GM shifts even more production to Mexico (even as its US sales fall). But Ford’s imports from Mexico plunge. FCA’s, Audi’s, Nissan’s down too.
Hit by the global swoon in auto sales, Mexico’s exports of cars and trucks to the rest of the world fell by 3.4%, to 3.3 million units in 2019, the first annual decline since 2009. Exports to Europe plunged.
The U.S. imports eight out of 10 cars and trucks that are assembled in Mexico. Over the first nine months of 2019, auto imports from Mexico grew at 8% year-over-year. But in Q4, imports suddenly plunged 11%, according to data from the Mexican automotive industry association AMIA (released by the National Institute of Statistics and Geography INEGI). In December alone, auto imports tumbled 16.7%. The year-end swoon slashed year-total growth of imports from Mexico to just 2.9%, the smallest increase in over a decade. In 2019, the US imported 2.64 million vehicles from Mexico:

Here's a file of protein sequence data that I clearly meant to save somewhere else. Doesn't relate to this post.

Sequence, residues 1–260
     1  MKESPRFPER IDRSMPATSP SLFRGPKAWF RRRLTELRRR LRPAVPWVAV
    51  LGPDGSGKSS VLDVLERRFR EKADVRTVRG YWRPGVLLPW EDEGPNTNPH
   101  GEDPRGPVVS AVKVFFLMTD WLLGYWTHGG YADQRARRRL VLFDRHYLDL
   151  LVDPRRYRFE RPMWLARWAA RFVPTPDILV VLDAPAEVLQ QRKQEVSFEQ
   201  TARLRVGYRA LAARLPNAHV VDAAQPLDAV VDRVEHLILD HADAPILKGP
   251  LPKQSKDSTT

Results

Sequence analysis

The multi-year surge of vehicles imported from Mexico into the US occurred even as new-vehicle sales in the US have fallen for three years, including 1.2% to 11.1 million vehicles in 2019, the lowest since 2014, and below where they’d been in 2000. This increased the share of Mexico-built vehicles in 2019 to a record 15.5% of total US sales, up from a share of 10.5% in 2013.
Mexico’s auto industry is worried. Over the past decade-and-a-half, it has enjoyed the benefits of non-stop growth, largely based on exports to the US. Between 2011 and 2018 the total number of vehicles sent to the U.S. from Mexican assembly plants surged by 93%, rising every single year, sometimes by double-digit percentages, including 13.9% in 2014. Even in 2015, the worst year until this year, the total imports still grew by 6.3%.
These increases happened even as the U.S. car market has been declining for the past three yeas. But now the impact is being felt south of the border.
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